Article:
What is LYT yoga?

In 2018 I listened to a podcast that completely transformed my yoga practice and teaching. 

Rachel Brathen (Yoga Girl) was interviewing a teacher called Lara Heimann. I had no idea who she was but she blew my mind with how she spoke about anatomy in yoga and in day to day life. It was clear that she had quite a critical eye about traditional yoga asana and deciding what is worth keeping for our modern day bodies and what is worth changing, tweaking or even dismissing. 

I had to know more about this Lara – Who was she? How could I try her classes? So I found out more. Lara was a physiotherapist specialising in neurodevelopmental treatment when she became a yoga teacher. She has spent the last 25 years refining the LYT method (Lara’s Yoga Training) by merging yoga with her therapeutic background. 

“The LYT Method is intended to unify the traditional teachings of yoga with a more modern understanding of the human body by emphasizing intelligent sequencing and proper body alignment, while re-educating compensatory movement strategies that place unnecessary strain on the body.”

As I practised this method and learnt more and more, I realised that it was going to change my teaching. I have previously completed some training in The Anatomy of Movement with Lara and am now completing 200hrs of training in the LYT method.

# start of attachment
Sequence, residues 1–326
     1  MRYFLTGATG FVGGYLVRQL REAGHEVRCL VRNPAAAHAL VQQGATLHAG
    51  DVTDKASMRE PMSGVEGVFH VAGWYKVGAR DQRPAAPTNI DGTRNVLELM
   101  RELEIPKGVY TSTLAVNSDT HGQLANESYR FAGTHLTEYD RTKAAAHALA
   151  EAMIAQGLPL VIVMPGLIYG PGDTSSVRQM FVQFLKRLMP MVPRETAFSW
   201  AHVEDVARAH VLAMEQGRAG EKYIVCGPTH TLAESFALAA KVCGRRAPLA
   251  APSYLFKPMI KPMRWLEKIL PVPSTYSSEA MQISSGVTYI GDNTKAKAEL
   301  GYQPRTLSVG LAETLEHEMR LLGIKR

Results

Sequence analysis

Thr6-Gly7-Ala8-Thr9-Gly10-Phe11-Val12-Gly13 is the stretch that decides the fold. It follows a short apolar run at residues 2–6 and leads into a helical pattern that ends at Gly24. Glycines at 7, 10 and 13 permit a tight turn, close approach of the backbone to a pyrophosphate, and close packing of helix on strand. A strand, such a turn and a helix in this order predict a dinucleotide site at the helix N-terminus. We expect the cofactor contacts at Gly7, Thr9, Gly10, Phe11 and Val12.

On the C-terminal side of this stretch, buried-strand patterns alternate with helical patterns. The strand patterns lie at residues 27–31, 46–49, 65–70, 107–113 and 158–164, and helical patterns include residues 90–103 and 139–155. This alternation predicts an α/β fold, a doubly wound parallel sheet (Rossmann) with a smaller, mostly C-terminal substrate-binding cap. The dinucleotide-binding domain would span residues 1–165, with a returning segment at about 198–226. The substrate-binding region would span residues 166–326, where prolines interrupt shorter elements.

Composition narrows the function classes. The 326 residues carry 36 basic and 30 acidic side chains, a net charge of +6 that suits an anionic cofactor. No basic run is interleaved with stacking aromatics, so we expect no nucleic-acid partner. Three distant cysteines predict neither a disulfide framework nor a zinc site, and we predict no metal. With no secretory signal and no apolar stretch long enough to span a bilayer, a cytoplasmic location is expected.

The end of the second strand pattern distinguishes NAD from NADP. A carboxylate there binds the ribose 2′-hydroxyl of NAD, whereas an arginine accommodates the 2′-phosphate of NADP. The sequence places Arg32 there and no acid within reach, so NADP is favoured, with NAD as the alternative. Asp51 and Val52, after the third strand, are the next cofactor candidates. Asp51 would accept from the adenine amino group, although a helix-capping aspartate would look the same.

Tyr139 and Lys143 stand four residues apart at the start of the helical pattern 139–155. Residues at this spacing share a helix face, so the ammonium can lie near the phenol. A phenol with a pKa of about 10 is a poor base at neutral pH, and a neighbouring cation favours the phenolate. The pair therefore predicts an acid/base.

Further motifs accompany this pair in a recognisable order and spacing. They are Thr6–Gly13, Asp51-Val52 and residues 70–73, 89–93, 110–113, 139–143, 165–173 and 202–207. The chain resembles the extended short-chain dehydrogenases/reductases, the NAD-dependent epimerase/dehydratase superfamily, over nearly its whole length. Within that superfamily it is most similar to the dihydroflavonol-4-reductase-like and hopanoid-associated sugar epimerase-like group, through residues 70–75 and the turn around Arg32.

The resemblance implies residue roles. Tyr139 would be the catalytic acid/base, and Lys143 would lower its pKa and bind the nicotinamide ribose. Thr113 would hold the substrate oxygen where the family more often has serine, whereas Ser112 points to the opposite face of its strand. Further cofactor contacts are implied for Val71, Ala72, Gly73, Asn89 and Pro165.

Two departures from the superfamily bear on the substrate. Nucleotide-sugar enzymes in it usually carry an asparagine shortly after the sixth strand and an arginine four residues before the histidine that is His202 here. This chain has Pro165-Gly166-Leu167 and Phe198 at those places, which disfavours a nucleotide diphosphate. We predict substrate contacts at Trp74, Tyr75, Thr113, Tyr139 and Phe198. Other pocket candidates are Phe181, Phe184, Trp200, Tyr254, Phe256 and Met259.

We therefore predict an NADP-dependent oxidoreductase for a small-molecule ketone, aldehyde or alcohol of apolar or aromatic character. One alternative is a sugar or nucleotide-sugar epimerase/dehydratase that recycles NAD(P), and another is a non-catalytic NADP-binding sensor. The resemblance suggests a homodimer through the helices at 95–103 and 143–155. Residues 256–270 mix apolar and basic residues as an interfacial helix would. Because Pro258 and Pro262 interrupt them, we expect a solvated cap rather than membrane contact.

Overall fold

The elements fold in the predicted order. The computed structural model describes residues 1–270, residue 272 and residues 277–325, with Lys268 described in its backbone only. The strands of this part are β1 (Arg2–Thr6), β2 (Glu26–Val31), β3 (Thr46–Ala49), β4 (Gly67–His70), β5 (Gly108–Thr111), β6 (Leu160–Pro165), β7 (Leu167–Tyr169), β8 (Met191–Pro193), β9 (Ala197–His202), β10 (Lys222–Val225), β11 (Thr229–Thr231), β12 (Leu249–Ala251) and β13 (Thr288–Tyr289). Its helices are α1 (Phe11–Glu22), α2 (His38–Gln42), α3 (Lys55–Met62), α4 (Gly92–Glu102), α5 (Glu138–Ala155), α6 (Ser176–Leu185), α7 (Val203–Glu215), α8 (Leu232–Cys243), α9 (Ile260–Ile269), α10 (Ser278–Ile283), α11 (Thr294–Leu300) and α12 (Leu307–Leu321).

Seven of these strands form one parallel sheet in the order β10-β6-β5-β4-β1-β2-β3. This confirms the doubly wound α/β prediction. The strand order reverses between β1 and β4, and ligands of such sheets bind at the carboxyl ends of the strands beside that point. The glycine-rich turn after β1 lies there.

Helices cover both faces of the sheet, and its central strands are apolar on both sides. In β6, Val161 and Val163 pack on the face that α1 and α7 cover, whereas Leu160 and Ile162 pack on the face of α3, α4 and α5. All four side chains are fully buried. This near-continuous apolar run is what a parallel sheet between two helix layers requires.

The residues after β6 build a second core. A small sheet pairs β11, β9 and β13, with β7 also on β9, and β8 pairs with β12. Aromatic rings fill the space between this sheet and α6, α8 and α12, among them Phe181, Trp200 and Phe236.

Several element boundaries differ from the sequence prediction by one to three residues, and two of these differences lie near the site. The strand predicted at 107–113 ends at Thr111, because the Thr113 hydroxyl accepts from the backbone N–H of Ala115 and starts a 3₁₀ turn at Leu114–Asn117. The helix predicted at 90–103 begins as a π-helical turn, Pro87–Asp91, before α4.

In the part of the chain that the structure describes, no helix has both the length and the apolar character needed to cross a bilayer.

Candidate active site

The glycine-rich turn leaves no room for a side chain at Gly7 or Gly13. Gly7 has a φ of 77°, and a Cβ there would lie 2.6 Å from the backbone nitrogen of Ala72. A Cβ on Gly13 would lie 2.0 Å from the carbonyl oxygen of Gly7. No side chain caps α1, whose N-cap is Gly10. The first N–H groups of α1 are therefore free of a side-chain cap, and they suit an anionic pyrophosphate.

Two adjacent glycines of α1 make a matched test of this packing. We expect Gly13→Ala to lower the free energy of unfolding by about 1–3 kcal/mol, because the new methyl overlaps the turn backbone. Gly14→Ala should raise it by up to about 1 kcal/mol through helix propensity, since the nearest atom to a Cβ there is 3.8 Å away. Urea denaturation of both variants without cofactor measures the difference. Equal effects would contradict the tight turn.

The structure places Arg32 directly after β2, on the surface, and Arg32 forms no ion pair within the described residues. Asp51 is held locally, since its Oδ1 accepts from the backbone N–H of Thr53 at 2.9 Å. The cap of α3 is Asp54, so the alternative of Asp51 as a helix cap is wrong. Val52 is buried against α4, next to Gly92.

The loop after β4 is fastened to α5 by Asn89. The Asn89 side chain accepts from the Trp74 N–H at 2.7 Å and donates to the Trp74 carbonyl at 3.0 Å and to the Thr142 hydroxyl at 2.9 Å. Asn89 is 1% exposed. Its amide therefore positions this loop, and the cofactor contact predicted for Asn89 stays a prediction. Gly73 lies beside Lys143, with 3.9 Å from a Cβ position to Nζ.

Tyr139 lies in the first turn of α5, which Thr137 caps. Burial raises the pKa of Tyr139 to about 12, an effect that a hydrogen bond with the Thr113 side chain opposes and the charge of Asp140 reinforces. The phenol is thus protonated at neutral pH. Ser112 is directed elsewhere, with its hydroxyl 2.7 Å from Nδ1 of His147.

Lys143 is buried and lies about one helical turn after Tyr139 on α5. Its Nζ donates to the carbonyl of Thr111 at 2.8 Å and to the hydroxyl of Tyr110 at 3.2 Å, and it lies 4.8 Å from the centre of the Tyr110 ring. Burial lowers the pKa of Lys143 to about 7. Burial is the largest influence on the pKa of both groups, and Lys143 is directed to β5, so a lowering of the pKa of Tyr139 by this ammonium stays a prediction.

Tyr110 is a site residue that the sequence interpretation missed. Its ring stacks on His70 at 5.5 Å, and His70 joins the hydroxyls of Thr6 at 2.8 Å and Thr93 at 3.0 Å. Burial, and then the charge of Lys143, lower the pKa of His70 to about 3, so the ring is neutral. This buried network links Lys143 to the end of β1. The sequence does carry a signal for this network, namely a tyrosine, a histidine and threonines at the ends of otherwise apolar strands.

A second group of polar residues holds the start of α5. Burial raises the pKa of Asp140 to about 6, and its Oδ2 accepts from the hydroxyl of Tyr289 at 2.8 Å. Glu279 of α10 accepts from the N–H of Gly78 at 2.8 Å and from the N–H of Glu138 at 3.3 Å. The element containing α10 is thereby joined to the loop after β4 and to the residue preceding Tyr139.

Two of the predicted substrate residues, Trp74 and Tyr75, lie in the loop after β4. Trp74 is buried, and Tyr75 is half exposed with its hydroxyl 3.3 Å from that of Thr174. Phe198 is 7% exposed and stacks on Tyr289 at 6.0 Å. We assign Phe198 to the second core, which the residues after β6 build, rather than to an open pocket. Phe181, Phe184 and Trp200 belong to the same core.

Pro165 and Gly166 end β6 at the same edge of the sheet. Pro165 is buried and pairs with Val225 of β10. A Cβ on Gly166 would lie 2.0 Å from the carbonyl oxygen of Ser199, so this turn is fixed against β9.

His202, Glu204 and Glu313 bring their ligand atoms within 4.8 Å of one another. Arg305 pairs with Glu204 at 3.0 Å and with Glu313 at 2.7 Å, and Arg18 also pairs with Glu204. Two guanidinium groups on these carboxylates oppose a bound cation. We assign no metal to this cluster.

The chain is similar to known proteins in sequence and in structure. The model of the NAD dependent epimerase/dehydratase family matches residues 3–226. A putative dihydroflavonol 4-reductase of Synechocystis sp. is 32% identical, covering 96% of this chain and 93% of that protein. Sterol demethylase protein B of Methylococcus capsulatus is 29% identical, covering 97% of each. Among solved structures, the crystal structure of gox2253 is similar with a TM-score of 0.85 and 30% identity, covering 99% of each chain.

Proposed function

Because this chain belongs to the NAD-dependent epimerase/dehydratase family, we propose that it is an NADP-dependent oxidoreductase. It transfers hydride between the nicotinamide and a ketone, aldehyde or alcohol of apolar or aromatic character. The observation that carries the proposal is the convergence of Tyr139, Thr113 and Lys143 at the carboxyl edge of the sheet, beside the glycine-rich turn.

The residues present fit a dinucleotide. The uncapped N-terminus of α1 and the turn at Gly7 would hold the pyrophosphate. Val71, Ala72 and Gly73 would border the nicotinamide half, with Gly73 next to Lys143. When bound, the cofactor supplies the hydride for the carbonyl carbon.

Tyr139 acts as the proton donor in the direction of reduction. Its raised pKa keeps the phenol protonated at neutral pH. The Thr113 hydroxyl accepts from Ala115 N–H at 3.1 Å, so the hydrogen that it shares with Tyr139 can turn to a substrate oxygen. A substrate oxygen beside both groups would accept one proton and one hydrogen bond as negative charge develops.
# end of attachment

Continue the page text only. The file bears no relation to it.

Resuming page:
5 things you can expect in a LYT class…

1. The Reset. We start each practice with a reset – finding a neutral pelvis, firing up the glutes and the abdominals and organising our bodies before we move into the first sequence. The reset follows a developmental sequence, similar to how we learn to move as babies.

2. Bend Your Knees. In many yoga classes it can seem that bending your knees is for beginners or for tight hamstrings. We’ll focus more on hip flexion, neutral pelvis and neutral spine and you’ll still get a good hamstring stretch. And if you’ve ever had ‘yogi butt’ – this will be excellent for you! 

3. Don’t expect a seated section. There are seated poses included in the flow but there isn’t a big seated section at the end. Why not? Well, for a lot of us seated forward folds are awkward and difficult, or they’re so easy for you that there’s a lack of engagement and control. We can replicate paschimottanasana (seated forward fold) as a standing forward fold instead. We call this a Happy Squat as it’s way more accessible, encourages more hip flexion and we have gravity helping us! As a general society, we also sit way too much for way too long, so if we’re going to go to a vinyasa yoga practice and we’ve got one hour out of our day, we’re going to move. 

4. There’s crawling, jumping, hopping,and skipping. Expect to move in all directions and in a variety of ways!

5. Get on your hands! It can be easy to think that a ‘safe’ ‘optimal’ ‘sustainable’ practice equals boring. LYT is still fun and energetic. In every class there is an opportunity to get on your hands, whether it’s a little handstand hop, or a handstand. And with time, we break this down and it becomes more and more accessible.

Join a class with me and let me know what you think.

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